Minimizing driving risk in a fleet vehicle is a valuable project because accidents can significantly disrupt business operations and result in a net increase in costs of operations. In order to promote fleet safety, fleet managers are giving more attention to the monitoring and tracking of fleet driving behavior. Azuga’s next-gen GPS vehicle tracking along with its Driver Score using events detected by the OBDII device can play an effective role in helping fleet managers measure safe driving and to set targets using such metrics.
Azuga’s Driver Score takes into account a contextual spatio-temporal index for each event, indicating whether the event took place under conditions of higher risk. For instance, a speeding event is evaluated in relation to set thresholds and posted speed limits along with the time of event (high, moderate, and low risk hours), the prevailing weather (snow or rain), magnitudes, durations and frequency. These factors are known predictors of crash events. A Driver Score for each day’s driving is generated along with component scores for braking, speeding, acceleration, and seatbelt use as well as distracted driving. The Driver Score reflects the ‘risk’ associated with the driver during that day and also allows drivers to be compared to each other, and for the same driver to be compared across time. How does it help predict crash events?
We’ve built accident risk models using three years of accident data from large commercial fleets and this shows that hard braking, hard acceleration events and speeding are strong predictors of accidents. Such events during high risk and peak hours increase risk.
Accident data (preventable and unpreventable) maintained by three large commercial fleets in the United States and Canada were obtained and correlated with behavior data for each of the drivers obtained from the data captured by Azuga’s OBDII device. An analysis of summary statistics for driving behavior metrics show that mean values of these metrics appear to be different for drivers with accidents and drivers with no recorded accidents indicating that these factors could influence risk.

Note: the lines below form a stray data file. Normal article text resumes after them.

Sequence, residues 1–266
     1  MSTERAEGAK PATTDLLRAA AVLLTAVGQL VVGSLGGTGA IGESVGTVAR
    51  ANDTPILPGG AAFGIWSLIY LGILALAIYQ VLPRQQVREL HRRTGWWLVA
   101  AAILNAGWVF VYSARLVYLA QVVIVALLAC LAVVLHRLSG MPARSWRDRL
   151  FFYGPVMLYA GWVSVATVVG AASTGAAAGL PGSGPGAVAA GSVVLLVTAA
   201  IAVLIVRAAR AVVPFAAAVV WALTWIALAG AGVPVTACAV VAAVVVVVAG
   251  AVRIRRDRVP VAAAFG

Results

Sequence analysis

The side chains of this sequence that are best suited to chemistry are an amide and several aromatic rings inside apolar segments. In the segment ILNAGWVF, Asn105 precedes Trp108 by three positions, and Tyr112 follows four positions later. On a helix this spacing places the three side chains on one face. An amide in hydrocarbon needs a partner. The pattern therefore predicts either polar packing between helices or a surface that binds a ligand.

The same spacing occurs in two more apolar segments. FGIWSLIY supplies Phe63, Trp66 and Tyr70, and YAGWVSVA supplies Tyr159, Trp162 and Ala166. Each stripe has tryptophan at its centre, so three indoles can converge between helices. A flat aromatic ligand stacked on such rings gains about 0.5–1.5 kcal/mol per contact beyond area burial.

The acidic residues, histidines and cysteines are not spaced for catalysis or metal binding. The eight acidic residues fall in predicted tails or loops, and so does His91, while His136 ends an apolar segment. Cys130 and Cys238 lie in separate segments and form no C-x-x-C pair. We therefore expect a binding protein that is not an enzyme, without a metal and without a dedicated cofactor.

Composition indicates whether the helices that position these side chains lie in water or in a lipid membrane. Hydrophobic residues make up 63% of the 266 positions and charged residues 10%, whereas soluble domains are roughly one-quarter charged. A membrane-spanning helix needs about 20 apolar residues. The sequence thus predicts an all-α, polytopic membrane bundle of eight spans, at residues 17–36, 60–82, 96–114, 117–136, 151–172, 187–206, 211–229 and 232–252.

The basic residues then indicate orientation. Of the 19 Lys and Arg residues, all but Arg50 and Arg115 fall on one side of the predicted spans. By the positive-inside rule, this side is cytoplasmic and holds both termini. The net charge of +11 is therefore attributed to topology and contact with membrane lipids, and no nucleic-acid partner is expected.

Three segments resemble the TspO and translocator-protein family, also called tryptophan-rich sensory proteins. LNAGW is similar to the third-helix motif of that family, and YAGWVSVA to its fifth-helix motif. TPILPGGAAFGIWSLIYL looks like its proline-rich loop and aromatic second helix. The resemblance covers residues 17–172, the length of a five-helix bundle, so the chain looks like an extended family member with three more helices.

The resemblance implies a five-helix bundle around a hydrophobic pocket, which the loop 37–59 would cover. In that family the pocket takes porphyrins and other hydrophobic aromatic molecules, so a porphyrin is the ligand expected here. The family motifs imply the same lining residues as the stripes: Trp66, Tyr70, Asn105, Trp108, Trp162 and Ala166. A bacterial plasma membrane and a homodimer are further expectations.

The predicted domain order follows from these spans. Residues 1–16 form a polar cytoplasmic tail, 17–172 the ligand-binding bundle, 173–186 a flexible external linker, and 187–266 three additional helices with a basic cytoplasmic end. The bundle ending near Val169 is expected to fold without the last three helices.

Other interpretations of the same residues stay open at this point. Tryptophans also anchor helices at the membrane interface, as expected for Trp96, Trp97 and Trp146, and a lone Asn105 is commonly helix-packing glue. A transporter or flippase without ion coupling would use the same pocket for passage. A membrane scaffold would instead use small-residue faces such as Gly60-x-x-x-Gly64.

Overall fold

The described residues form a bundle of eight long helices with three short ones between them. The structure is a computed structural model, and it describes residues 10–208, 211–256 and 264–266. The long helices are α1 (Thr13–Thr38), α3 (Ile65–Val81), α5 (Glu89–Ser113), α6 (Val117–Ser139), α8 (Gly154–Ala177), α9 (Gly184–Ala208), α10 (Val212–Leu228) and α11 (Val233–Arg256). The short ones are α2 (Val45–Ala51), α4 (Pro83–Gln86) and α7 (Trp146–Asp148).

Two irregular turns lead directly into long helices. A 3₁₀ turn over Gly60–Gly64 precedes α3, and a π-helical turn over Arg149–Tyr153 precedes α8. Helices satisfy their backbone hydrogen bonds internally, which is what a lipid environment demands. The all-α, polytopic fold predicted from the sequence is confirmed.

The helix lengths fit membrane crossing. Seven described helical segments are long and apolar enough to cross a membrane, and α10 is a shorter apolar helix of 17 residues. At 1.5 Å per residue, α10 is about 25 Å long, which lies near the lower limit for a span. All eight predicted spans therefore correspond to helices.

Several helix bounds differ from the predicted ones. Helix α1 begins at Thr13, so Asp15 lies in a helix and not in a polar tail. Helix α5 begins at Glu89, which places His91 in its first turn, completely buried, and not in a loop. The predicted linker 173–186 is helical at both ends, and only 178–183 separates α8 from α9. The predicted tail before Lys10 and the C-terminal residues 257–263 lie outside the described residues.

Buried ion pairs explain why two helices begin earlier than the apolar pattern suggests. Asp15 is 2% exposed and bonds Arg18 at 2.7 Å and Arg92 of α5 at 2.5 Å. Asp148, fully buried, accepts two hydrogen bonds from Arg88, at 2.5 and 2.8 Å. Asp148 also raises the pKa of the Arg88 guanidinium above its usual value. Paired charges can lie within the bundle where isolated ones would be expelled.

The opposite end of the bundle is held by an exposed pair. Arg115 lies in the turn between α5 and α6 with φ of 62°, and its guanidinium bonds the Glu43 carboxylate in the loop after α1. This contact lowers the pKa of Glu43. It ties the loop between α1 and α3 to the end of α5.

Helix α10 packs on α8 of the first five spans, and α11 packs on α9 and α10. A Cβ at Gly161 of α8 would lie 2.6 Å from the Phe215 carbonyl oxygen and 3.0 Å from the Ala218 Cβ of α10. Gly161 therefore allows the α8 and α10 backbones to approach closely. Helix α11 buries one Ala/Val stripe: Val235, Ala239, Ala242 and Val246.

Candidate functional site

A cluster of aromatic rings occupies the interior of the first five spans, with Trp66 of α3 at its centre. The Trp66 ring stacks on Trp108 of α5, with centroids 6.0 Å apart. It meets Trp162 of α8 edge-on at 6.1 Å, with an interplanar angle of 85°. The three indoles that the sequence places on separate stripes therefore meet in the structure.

We developed models for time-to-event (in days) with driving behavior parameters, time of day miles, proportion of unfamiliar stretches driven on and proportion of short trips as covariates. Of the behavioral parameters, average hard braking events per 100 miles is highly significant. Speeding violations were statistically significant for some fleets. Hard acceleration events per 100 miles, although not statistically significant, is directionally consistent with the expected relationship.
Our models show that for every hard braking event per 100 miles, the risk of a preventable accident increases by 20.1% (2 events increases risk by 44.1%). Similarly, speeding for 1 minute above 80 mph for every 100 miles of driving increases the risk by 7% (10 minutes of speeding for every 100 miles doubles the risk). The risk is further affected by the time-of-day when these events are carried out.
Azuga’s average driver scores in the period was modelled with component scores (acceleration, braking, and speeding scores) as predictors. The model parameters for Azuga’s braking and acceleration scores are significant predictors and correspond with the event based model. A 10-point increase in the braking, acceleration, and speeding scores decreases the risk of a preventable accident by 26.3%, 3.3% and 24.0% respectively. For Azuga’s overall Driver Scores, a 10-point increase reduces accident risk by 57.4% indicating that Azuga’s Driver Scores are strong predictors of an accident.
Fleet data management is an integral part of a fleet manager's job. Learn how to harness data towards your fleet's productivity.